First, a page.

New gene that stops canceradmin
A new gene that plays an important role in a biochemical pathway that keeps cancer cells from leaving the initial site of tumor growth and spreading throughout the body has been discovered by Salk Institute. Researchers hope that it will benefit in identifying patients that will be most likely to respond to new therapies that aim for other areas of this pathway. This study was published in Molecular Cell. Certain cancer has a better possibility to spread to other parts of the body or enlarge them, than others. Those who have lung cancer are not likely to survive as the cancer is aggressive and is known to spread quickly and early on. The five-year survival rate of those with lung cancer is as low as 10% and is much lower than the survival rate of other cancers.“The reason behind why some tumors do that [metastasize] and others don’t has not been very well understood,” said lead researcher Reuben Shaw in a news-release. “Now, through this work, we are beginning to understand why some subsets of lung cancer are so invasive.”
When tumor cells flee off from the initial site and invade other body parts like the circulatory system, they have to abrogate cellular processes that are built to keep them in place. Focal adhesion complexes, which keep cells to surfaces, can be altered by cancer cells. About 20% of lung cancers have an altered anti cancer, or tumor suppressor, gene called LKB1. Before this research, connections between this gene and focal adhesions were not known. DIXDC1, a new gene that researchers have discovered, forms a section of a signaling pathway that restrains metastasis. LKB1 directs DIXDC1 and confines to focal adhesions as to where it can then adjust the size and number of structures holding the cell in place.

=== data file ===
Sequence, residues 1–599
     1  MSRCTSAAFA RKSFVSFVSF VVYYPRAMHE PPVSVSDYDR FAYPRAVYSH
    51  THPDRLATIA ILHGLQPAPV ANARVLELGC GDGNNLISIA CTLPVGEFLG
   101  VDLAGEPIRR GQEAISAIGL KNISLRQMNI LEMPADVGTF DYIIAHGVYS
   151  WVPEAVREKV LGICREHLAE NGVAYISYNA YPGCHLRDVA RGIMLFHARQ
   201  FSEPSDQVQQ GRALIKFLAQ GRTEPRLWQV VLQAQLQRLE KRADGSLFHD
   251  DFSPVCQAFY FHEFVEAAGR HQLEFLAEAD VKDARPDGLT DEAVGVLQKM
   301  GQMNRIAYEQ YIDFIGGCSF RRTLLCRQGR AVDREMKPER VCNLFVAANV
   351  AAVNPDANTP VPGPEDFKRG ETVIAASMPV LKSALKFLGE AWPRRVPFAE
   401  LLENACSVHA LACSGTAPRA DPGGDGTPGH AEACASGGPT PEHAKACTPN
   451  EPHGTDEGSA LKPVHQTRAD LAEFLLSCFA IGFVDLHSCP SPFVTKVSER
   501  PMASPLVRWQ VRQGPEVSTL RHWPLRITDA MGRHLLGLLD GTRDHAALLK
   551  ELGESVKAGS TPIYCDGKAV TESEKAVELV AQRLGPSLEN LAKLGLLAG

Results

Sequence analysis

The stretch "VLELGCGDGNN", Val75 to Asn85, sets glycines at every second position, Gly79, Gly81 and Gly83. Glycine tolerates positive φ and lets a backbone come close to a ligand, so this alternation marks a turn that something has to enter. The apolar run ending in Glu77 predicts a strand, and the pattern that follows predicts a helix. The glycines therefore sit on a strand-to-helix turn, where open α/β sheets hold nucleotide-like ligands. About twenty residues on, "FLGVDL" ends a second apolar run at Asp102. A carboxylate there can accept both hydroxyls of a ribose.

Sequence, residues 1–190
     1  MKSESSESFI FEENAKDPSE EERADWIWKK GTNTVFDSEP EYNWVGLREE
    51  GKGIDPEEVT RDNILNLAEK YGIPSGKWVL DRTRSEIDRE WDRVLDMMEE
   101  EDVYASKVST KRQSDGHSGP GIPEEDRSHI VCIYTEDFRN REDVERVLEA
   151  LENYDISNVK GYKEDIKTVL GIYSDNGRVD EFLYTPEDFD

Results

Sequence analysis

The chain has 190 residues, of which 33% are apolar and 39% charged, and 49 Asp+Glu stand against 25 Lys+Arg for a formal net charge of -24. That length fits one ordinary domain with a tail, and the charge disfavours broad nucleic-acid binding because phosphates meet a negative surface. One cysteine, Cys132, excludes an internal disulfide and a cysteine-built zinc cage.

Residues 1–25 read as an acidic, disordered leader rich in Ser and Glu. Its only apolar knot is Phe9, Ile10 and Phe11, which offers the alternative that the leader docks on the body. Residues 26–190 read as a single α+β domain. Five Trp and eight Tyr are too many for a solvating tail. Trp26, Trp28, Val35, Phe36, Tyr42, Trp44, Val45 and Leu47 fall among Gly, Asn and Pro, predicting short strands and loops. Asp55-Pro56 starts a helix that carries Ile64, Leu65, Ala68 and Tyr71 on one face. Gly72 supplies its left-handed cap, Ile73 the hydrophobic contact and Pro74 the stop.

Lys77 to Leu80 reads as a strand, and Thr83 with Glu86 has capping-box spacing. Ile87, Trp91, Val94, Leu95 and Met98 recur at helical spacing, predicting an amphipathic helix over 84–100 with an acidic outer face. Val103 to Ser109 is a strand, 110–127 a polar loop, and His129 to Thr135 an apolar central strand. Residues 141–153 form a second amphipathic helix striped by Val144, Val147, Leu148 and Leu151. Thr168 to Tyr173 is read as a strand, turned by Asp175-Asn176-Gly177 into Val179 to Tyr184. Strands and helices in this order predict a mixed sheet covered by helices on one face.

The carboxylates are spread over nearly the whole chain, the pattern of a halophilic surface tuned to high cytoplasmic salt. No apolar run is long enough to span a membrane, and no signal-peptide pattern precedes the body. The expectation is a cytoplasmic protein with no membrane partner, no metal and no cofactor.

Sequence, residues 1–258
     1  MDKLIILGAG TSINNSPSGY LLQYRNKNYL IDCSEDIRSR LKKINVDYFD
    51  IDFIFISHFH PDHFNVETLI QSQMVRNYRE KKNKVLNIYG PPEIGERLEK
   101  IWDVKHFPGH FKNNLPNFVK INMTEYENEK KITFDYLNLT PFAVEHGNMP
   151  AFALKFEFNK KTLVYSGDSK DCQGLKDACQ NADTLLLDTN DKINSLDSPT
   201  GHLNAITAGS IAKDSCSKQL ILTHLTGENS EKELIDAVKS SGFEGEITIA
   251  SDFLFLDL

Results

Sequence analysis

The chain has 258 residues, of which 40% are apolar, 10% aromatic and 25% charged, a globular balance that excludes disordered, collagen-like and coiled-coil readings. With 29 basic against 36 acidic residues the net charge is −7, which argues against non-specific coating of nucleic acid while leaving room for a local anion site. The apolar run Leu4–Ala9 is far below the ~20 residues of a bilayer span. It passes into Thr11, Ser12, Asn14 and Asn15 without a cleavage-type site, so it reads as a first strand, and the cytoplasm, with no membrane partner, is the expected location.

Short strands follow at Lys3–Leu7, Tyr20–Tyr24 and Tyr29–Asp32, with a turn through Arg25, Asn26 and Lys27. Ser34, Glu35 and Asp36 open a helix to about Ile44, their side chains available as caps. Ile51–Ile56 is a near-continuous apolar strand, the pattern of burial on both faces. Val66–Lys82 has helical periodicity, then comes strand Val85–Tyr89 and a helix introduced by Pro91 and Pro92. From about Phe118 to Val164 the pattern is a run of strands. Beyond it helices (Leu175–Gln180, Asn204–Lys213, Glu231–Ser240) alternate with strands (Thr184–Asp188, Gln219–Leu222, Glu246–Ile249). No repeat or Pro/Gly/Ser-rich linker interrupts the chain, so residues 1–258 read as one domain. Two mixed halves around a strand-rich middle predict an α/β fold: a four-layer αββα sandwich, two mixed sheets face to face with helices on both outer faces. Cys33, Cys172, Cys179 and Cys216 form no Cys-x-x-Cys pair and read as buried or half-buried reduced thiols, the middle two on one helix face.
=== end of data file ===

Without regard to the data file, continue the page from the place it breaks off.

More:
Some of large adhesions are created that keep the cel to a particular surface, when DIXDC1 is switched on. Many small adhesions are made that make the cell mobile when interfered with tumor cells. This can happen by direct inhibition of DIXDC1 or through loss of the LKB1 gene. “The communication between LKB1 and DIXDC1 is responsible for a ‘stay-put’ signal in cells,” said lead author Jonathan Goodwin. Researchers displayed that overproducing DIXDC1 in tumor cells with low levels of this gene bedewed their metastatic capability in vitro and vivo. It was surprising considering the number of proteins under the control of LKB1. Researchers say that patients could benefit from new treatments that target the focal adhesions, which are currently being tested.